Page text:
Amy Gazin-Schwartz
Association of Certificated Field Archaeologists, £15
ISBN 978-1999844141
Review Gavin MacGregor

The Isle of Raasay is in sharp focus in Scottish culture. It is the place whose cleared settlements informed Sorley MacLean’s important Gaelic poem Hallaig. It is the landscape where Calum MacLeod spent ten years in the 1960s and 1970s hand-building a road to keep his community connected.

This book synthesises more than a decade of field survey by the Association of Certificated Field Archaeologists (ACFA) across the whole of the Isle of Raasay. Comprising ten chapters, it charts the changing character of settlement from the Mesolithic to the 20th century on a landscape scale. With large numbers of Medieval or Later Rural Settlement (MoLRS) sites, much of the volume comprises survey results of townships, farmsteads, and their associated sheilings. The contributors successfully interweave insights from documentary sources, producing a useful contribution to the study of MoLRS in Scotland.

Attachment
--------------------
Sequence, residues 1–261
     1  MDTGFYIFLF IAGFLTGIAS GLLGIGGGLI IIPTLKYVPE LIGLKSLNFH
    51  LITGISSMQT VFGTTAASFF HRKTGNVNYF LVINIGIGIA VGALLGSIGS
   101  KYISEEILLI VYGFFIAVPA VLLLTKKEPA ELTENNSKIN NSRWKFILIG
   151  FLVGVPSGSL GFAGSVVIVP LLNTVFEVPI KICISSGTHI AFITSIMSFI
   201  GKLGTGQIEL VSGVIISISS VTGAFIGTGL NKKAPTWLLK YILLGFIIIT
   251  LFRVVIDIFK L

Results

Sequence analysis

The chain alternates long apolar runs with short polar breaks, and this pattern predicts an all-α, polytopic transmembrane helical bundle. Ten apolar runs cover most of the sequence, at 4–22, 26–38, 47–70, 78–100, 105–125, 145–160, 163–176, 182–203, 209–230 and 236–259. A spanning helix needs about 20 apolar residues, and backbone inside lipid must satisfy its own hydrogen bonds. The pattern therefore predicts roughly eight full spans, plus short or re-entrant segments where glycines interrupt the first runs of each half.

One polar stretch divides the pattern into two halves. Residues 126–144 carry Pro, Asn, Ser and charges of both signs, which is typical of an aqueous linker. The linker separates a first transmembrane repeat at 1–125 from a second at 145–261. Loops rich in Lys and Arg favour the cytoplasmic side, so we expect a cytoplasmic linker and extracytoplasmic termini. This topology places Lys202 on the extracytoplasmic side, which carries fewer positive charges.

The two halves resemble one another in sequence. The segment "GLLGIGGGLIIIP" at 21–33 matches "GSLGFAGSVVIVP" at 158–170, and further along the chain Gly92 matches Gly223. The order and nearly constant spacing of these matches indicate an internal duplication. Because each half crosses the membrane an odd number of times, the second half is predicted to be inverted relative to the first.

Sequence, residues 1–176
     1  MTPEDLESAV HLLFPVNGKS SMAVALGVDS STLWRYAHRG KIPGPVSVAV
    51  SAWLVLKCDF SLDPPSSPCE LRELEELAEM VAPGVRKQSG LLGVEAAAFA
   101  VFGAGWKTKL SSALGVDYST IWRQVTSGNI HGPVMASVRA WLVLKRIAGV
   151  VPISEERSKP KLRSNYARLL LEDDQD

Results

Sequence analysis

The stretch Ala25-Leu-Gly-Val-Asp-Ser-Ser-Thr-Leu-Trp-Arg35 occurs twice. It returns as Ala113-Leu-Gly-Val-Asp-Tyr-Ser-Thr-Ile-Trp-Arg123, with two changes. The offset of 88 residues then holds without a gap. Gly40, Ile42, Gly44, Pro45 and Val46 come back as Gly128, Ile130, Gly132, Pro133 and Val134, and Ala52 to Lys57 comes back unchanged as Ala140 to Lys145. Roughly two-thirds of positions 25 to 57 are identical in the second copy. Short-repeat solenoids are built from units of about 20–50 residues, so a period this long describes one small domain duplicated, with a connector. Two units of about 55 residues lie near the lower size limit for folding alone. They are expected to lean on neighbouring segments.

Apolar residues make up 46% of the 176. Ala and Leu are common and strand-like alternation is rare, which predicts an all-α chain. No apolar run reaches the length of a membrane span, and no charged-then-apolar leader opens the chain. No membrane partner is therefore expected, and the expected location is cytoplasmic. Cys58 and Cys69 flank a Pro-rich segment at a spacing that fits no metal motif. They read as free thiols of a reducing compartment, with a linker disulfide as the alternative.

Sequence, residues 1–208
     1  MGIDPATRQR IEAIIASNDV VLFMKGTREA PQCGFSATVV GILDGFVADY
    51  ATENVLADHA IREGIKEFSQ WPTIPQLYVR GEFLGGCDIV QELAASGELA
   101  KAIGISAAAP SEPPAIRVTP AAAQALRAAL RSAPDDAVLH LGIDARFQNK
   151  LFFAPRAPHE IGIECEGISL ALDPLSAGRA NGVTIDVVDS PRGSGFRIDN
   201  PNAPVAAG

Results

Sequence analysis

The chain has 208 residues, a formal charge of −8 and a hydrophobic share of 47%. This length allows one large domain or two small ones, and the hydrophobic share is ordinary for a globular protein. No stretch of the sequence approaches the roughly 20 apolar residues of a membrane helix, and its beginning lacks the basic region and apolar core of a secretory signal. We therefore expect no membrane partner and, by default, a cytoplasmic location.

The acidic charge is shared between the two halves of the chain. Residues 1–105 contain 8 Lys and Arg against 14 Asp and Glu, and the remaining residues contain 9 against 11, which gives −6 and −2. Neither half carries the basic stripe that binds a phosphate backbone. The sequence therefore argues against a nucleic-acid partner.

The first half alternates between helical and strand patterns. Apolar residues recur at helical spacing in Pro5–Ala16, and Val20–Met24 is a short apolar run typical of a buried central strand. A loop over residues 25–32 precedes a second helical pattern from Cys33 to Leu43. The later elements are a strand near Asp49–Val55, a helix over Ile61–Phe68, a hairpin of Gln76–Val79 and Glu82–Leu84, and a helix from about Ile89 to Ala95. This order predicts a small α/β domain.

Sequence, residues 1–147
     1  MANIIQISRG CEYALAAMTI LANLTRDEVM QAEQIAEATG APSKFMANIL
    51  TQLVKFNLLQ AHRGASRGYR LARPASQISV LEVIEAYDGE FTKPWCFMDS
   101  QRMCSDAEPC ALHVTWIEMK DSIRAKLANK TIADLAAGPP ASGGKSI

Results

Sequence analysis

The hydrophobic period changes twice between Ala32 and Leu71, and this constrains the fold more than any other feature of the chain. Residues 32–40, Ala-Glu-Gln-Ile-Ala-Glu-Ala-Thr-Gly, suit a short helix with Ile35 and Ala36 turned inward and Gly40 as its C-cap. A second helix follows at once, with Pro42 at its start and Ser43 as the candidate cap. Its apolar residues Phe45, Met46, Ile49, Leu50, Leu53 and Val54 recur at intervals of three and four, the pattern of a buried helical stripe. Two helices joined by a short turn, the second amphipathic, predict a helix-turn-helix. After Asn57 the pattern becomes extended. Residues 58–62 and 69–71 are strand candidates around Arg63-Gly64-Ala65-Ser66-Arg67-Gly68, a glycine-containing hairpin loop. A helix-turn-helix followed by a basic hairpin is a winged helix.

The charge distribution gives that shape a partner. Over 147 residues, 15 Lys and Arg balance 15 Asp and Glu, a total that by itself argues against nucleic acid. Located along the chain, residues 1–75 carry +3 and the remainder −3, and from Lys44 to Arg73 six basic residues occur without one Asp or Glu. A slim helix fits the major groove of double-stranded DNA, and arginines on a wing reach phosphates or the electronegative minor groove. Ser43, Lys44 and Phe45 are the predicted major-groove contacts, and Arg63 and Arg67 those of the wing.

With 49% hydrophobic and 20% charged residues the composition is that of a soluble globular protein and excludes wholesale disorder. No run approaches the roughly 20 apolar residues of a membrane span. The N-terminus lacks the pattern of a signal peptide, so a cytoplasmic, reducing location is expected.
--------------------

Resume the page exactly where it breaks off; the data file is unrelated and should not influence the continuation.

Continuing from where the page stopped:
Above all, the book is a celebration of the work of ACFA, reflecting its members’ skills and dedication to archaeological survey, and the important contribution they have made to the understanding of the historic environment of Scotland.

This review appeared in CA 354.

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